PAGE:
Archive for November, 2010
Great question asked by Wayne Hemrick at ArticleSnatch. In his answer to “How would you send large files in an ideal world?”,Wayne touches on a few very important considerations when thinking about person-to-person file sharing, including: ease-of-use, large file size, and security.
I agree that the ability to easily send ginormous files is only part of the problem that a business should be looking to solve. It’s no secret that people need to send other people files as part of their jobs. In many cases, these files contain information that is sensitive and confidential. In my opinion, the real issue is that business users lack a way to ensure the security of these information exchanges.
Wayne correctly points out that many of the currently used tools are insecure, inefficient, complicated and some even require the intervention of IT professionals. But the growing risk of privacy loss and data breaches has made the security aspect of sending files a top concern. Organizations need to demonstrate to their customers that they understand this and are taking steps to address it.
Businesses require a simple file sharing solution that:
- Enables employees to easily send files (any size, any type) to other people
- Lowers company risk by securing and protecting internal and customer information
- Provides visibility into what happens after file is sent for auditing and compliance
The ideal solution must provide for guaranteed and trackable file delivery that your business can rely on.
More than any other question, customers and prospects are asking me: What is the Ipswitch Cloud story? What are you going to do in the Cloud?
The Cloud has been the topic of discussion in many Product Management and Research & Development meetings and strategy sessions here at Ipswitch. While we may not have all the details sorted out, I want to provide you with a my initial thoughts…and I’d like to encourage you to provide feedback.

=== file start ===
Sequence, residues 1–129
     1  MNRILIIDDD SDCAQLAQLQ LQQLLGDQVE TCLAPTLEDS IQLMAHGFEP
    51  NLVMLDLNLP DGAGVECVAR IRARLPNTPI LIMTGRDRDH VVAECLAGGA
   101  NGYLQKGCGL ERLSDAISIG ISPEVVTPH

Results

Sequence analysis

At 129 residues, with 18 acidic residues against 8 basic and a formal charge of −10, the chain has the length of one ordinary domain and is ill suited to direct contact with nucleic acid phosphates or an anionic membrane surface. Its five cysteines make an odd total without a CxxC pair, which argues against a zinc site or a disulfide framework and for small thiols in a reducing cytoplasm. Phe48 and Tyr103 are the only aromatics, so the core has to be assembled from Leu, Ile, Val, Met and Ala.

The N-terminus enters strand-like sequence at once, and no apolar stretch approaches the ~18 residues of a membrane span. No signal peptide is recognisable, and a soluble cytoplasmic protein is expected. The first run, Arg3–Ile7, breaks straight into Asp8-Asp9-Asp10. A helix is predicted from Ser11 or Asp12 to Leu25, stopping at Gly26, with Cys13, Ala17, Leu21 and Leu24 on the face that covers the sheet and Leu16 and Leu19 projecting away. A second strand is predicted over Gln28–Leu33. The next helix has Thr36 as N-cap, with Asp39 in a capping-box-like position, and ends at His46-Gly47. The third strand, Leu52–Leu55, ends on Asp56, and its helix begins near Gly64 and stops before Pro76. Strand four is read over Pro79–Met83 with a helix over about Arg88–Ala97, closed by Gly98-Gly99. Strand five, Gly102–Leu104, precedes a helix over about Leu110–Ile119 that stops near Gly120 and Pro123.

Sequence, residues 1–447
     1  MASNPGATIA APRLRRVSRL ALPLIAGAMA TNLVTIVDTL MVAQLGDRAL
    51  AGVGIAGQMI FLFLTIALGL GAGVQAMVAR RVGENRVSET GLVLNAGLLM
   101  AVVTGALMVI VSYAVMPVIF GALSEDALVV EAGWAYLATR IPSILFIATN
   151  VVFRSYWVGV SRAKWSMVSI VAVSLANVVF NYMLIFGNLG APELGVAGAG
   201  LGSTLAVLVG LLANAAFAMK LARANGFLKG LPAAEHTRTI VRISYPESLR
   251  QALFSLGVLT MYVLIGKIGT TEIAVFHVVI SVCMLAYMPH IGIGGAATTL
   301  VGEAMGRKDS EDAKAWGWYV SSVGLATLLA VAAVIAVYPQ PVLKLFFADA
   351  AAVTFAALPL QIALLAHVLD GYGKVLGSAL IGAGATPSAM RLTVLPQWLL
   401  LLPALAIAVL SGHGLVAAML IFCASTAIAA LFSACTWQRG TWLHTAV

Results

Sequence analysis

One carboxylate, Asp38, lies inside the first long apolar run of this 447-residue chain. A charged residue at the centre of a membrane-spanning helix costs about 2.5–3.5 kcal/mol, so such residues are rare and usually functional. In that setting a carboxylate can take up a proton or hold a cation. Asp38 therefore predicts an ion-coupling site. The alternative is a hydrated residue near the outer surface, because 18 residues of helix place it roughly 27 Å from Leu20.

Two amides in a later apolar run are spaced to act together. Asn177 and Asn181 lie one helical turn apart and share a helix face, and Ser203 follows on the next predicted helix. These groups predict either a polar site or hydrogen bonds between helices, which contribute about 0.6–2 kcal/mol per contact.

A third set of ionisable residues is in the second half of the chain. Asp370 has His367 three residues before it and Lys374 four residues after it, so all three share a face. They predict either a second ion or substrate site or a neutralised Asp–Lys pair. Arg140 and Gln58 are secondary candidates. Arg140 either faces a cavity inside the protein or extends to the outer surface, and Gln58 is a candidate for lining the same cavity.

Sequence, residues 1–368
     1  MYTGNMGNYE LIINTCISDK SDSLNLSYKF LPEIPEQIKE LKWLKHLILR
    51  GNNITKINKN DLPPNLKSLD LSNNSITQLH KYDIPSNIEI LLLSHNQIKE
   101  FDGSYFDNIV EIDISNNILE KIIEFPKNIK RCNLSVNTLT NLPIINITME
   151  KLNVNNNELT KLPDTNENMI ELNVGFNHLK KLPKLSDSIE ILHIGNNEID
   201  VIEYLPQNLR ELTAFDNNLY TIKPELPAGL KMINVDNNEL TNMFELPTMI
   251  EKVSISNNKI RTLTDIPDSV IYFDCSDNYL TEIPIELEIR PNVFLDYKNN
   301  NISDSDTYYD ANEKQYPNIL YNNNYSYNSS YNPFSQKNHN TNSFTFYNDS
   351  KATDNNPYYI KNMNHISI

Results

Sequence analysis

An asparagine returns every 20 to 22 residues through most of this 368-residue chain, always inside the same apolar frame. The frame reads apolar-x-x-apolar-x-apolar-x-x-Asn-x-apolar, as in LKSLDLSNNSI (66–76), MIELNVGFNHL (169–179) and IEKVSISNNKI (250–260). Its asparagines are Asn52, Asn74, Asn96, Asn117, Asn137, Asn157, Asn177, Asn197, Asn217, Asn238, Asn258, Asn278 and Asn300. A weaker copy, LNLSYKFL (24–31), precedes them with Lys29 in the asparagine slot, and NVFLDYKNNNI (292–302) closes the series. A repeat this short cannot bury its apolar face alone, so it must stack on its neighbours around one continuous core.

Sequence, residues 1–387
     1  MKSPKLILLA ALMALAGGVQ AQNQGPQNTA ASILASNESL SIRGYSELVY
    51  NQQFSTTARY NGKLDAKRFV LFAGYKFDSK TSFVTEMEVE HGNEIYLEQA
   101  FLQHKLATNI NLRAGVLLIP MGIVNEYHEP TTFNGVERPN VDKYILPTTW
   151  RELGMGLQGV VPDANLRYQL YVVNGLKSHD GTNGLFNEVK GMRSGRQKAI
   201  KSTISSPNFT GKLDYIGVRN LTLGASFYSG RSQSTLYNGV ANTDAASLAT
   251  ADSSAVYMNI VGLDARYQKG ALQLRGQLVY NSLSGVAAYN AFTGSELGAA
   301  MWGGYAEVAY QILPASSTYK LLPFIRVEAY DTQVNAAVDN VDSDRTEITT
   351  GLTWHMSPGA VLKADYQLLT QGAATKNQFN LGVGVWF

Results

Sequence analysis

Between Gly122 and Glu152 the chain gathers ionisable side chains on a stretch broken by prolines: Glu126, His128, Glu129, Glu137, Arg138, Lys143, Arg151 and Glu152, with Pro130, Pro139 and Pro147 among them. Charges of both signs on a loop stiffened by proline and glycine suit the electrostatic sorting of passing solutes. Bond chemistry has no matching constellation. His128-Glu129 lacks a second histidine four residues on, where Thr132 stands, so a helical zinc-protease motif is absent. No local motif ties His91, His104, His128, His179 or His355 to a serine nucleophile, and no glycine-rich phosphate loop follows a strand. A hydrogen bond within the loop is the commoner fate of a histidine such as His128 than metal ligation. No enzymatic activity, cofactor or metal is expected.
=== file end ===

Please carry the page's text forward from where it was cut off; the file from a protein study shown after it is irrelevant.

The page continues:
In one sense, it’s a destination. When I use a Cloud-based service, my destination is the Cloud and there are attributes about this destination that are pre-configurable, predictable, and static, as far as connectivity goes. The notion of a set of Cloud Streams offered by Ipswitch is a real possibility. With over 10 million active users, we could offer pre-configured, governed connections to common Cloud-based SaaS providers like Salesforce.com or Office 365.
In another sense, the Cloud represents a way to broker information to some other endpoint that may be cloud-based or on-premise. Our Sendable offering is just that. We broker the interactions between people and systems. Brokering includes adding layers of visibility, management, and enforcement. In this case, it’s important to offer multiple ways of connecting and multiple ways of provisioning, from ad-hoc to more formalized adapters and interfaces.
Finally, we look at the Cloud as being half of any domain-to-domain exchange of information, whether it’s people-to-people, system-to-system, application-to-application, or business-to-business. Companies of any size need to seriously consider a hybrid approach to MFT, B2B, and EAI overall.
Neil Chesanow just published a very informative article for Medscape titled “Why Your Patients’ Data May Not Be Safe: 5 Steps to Protect It”
I had the pleasure of talking with Neil as he was writing the article and I must say that I’m impressed with the 5-step approach he outlines to prevent privacy breaches.
Although written from a medical/healthcare point-of-view, the steps can be applied to help any business or organization think through some of the issues surrounding the protection of sensitive and confidential files and data.
One of the more critical points that I believe Neil highlighted is how important it is to control access to confidential information. Access to sensitive files and data should only be granted to people that are required to use it as part of their job. Not every employee or external partner should have access to all company information…. And it’s easy enough to control and enforce access by applying simple rules and policies.
Monitoring, reporting and auditing file and data activity is another critical point raised by Neil. The ability to see who accessed sensitive information, when and how many times they access it, whether they moved or sent it to another location or person, and if/how the transmission and file itself was secured and encrypted are important pieces of information from both an internal security policy as well as compliance perspective. Believe me, you don’t ever want to turn down an eDiscovery judge’s request to provide an audit trail for a particular file or communication and not be able to provide it.
We recently published our fall issue of Ipswitch Insight, our customer newsletter.
Please take a few minutes to catch-up with us. And if you’re not in the mood to read, then just sit back and watch the video of Bill Cohn’s reaction to some of our survey results.
Table of Contents:
- IT Pros Use Personal E-Mail to Hide File Transfer Activity
- Customer Story: Enterasys
- Overcoming Key File Transfer Problems
- Solutions Across the File Transfer Continuum
If you’d like to be added to our mailing list, shoot us an email at MyStories@ipswitch.com and we’ll add you to the list next time around. And of course, we’d love to hear all about how you are using Ipswitch File Transfer solutions.